Diabetes Home > Generic Glucagon

Although there are technically no generic versions of glucagon, Eli Lilly's Glucagon Emergency Kit and Novo Nordisk's GlucaGen HypoKit are generally considered interchangeable with one another. Glucagon is not protected from generic competition by any patents. However, the technology used to make it is complicated and expensive, so there could be other reasons why no true generic versions exist.

Can I Buy Generic Glucagon?

Glucagon is a medication approved for the treatment of low blood sugar (hypoglycemia) and for use in slowing the digestive tract in certain diagnostic procedures. Glucagon is available from two different manufacturers in the United States. Technically, neither of these products is considered a generic medication.
Glucagon kits, which contain everything needed to prepare and give the injections, are made by Eli Lilly and Company (sold under the name "Glucagon Emergency Kit") or by Novo Nordisk, Inc. (sold under the name "GlugaGen® HypoKit®"). In addition, Bedford Laboratories makes a version of GlucaGen that comes with just the glucagon powder and the liquid used to dissolve the powder (not the whole kit), and is suitable only for use in hospitals or other similar settings, typically for use during diagnostic tests.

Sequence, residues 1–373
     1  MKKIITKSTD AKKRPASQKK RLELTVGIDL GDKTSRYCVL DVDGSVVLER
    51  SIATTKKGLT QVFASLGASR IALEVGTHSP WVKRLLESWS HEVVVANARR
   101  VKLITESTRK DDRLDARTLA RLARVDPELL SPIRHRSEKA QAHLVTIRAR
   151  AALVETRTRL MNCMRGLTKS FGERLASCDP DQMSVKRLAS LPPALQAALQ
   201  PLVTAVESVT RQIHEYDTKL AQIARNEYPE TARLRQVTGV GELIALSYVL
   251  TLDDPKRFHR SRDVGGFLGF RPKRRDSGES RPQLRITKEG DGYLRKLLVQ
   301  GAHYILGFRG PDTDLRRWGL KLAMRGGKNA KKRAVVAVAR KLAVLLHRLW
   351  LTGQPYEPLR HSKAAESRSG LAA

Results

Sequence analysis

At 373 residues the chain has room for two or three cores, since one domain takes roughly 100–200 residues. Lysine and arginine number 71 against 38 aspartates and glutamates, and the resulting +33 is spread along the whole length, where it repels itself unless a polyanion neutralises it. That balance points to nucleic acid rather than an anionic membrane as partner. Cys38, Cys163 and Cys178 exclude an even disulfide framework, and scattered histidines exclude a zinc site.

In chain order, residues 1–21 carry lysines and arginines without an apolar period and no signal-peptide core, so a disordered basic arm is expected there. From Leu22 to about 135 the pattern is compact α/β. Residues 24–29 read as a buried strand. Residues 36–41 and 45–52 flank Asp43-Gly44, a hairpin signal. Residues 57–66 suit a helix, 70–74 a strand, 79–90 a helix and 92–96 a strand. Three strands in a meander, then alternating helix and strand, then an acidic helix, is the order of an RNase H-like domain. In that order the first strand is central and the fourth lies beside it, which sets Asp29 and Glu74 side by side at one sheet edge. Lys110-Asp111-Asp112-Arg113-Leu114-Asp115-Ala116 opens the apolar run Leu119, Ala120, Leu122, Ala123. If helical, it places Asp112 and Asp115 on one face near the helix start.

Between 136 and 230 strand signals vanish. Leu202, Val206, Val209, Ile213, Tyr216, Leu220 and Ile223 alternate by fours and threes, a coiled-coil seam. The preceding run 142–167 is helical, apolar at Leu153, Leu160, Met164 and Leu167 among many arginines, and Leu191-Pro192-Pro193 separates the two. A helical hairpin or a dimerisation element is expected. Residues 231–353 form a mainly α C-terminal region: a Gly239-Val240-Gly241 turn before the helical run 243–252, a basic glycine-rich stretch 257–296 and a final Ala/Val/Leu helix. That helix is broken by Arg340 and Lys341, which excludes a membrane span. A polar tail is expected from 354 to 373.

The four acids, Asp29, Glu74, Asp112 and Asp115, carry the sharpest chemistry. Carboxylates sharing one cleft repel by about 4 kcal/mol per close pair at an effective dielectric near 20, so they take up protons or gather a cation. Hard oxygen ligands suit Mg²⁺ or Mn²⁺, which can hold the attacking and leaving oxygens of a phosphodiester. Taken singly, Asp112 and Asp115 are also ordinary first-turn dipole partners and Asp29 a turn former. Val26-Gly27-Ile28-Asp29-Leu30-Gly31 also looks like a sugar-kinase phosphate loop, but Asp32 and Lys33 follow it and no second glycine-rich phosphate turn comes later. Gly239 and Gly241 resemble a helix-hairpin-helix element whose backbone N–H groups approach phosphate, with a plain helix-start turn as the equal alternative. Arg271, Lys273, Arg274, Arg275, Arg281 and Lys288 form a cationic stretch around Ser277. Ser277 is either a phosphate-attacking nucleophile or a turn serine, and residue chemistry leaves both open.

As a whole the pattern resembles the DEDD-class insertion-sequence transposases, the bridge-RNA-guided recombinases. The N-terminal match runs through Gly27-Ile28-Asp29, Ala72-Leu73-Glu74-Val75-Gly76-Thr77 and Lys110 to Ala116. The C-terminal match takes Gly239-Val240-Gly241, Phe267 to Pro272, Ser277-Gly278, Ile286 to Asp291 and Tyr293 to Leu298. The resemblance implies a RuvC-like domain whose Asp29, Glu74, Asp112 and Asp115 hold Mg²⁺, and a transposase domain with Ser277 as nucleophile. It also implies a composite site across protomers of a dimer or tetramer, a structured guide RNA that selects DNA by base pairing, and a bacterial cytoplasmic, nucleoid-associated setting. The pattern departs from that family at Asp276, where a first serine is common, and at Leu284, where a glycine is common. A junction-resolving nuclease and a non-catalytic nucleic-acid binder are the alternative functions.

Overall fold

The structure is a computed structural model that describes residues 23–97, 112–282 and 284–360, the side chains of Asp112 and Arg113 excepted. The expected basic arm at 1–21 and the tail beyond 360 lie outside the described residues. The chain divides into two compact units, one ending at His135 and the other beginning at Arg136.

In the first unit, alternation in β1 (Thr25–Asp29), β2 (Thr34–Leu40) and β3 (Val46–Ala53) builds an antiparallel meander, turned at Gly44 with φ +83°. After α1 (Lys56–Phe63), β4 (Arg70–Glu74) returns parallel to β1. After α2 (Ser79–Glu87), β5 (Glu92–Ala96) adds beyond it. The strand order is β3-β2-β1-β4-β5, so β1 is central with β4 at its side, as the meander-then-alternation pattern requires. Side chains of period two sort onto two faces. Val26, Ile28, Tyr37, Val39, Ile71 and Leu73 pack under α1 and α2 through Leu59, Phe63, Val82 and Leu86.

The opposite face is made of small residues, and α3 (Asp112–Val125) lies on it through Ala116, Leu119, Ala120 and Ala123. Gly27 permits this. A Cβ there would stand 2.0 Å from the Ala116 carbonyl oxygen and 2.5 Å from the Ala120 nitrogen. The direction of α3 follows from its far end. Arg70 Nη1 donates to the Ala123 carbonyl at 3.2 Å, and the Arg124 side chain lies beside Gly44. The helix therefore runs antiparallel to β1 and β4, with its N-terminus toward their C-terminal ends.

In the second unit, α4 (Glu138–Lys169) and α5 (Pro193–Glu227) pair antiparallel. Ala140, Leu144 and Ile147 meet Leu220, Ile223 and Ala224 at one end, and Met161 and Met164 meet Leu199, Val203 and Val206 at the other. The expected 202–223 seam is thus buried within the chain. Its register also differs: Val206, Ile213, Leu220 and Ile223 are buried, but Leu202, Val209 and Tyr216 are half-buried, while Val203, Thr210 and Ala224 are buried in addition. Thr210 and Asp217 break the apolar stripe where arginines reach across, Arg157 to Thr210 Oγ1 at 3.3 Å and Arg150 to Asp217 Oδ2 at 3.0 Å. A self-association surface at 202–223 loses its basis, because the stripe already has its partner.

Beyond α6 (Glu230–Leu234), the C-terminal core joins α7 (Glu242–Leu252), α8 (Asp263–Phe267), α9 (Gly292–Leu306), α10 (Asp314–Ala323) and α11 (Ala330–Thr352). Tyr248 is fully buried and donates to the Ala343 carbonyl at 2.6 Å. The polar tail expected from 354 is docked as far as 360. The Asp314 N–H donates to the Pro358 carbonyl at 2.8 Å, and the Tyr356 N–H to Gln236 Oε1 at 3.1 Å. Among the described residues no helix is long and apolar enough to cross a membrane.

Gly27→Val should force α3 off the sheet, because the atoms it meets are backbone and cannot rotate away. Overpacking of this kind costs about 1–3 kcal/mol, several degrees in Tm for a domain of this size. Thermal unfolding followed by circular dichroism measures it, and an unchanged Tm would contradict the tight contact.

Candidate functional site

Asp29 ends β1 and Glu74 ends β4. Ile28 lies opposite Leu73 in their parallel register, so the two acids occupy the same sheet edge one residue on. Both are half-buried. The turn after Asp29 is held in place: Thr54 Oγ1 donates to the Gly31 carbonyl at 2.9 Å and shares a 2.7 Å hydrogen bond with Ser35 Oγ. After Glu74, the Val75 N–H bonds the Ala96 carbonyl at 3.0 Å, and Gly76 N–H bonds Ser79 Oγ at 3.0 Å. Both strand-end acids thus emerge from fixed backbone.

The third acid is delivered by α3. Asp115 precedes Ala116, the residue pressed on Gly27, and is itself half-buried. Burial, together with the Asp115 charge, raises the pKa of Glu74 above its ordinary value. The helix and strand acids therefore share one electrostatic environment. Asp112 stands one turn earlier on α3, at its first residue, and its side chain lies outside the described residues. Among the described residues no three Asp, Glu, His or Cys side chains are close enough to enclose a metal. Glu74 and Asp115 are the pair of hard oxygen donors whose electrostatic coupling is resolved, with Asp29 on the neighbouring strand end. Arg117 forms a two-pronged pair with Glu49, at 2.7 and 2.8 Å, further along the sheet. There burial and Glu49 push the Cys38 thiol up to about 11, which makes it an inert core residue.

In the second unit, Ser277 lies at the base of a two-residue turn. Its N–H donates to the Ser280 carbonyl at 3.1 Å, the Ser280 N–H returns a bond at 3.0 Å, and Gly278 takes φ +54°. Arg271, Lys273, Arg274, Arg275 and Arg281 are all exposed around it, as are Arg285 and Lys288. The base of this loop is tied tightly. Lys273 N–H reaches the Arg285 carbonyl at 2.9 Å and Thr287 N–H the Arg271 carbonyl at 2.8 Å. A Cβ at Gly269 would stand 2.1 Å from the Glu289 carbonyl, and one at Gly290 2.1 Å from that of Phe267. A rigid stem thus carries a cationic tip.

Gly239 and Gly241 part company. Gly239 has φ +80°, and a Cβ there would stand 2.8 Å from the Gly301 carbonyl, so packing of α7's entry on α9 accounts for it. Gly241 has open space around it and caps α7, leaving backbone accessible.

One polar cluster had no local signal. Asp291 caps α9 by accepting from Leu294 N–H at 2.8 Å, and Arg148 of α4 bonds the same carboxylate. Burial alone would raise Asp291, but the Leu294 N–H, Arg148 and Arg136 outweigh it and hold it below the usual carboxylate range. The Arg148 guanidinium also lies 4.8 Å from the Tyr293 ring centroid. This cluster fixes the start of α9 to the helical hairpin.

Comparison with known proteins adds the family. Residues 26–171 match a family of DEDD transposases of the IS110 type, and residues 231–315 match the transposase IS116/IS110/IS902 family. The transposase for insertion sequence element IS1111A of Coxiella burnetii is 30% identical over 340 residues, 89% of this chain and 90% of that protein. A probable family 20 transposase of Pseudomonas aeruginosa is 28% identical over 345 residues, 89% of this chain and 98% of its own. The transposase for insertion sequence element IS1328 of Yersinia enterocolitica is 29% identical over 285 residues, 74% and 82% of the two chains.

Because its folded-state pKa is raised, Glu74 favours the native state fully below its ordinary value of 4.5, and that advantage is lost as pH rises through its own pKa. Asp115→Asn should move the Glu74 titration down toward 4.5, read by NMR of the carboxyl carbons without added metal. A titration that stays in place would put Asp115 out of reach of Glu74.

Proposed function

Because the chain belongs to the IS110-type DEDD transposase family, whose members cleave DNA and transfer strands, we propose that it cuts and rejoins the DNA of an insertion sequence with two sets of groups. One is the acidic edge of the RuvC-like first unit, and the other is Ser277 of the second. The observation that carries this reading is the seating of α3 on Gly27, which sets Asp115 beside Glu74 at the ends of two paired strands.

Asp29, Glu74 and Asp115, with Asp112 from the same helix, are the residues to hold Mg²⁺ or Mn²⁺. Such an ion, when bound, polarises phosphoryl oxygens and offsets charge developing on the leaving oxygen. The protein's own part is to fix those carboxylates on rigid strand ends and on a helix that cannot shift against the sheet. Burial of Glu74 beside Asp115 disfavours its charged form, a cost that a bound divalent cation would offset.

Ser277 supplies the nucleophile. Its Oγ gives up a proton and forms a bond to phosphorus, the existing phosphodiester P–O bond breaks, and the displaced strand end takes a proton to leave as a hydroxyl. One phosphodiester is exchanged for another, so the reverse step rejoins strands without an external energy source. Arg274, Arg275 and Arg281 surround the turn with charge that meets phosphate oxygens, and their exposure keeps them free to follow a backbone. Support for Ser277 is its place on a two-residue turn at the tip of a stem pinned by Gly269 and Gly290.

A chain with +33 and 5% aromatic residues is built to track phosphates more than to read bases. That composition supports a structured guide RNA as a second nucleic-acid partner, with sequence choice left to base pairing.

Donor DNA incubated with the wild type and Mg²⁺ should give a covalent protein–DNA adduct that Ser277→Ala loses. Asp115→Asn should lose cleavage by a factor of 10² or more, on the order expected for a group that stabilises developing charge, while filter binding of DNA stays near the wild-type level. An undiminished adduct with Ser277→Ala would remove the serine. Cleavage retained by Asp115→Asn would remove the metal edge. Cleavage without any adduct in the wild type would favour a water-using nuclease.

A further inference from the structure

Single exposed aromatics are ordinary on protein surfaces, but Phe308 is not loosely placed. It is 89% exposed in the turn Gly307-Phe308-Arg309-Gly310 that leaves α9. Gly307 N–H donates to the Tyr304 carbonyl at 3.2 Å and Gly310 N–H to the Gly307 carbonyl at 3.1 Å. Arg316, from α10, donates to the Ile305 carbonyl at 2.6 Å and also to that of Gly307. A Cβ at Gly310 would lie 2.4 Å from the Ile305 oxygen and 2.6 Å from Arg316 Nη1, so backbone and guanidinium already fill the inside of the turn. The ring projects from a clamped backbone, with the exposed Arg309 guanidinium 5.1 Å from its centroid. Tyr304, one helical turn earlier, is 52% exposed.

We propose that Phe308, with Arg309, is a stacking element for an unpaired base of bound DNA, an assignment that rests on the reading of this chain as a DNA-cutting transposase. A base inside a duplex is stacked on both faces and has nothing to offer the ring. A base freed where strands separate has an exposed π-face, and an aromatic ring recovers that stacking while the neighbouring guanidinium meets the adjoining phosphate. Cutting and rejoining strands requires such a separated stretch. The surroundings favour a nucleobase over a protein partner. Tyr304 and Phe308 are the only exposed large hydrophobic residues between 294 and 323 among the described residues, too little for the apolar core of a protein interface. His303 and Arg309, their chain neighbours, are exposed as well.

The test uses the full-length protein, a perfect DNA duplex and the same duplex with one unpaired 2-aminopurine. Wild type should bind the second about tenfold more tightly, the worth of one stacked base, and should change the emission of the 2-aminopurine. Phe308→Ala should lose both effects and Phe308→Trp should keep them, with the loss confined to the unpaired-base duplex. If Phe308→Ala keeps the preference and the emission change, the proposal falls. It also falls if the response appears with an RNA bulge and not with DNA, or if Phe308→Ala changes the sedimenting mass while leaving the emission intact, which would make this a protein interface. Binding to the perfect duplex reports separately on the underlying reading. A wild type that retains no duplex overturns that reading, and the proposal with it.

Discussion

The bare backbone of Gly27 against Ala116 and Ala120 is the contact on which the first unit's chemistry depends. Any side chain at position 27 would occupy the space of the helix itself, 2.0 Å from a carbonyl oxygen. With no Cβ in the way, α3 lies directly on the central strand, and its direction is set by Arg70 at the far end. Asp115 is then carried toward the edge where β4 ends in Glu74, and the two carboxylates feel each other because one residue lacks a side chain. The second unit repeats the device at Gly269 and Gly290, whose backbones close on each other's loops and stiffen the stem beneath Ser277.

When Will Generic Glucagon Be Available?

It is difficult to predict when, or even if, a generic version of glucagon will be available. There are no patents protecting against generic competition. However, the technology used to make glucagon is fairly complicated and expensive. The drug is made using recombinant DNA technology that uses bacteria to make glucagon that is identical to that produced naturally by the human body.

Are Glucagon and GlucaGen Interchangeable?

Eli Lilly's Glucagon Emergency Kit and Novo Nordisk's GlucaGen HypoKit could be considered equivalent for general purposes, although in the most technical sense they are not interchangeable. In most cases, your pharmacist can simply dispense whichever kit they have in stock, unless your healthcare provider specifically requests one certain type.
Written by/reviewed by:
Last reviewed by: Kristi Monson, PharmD;
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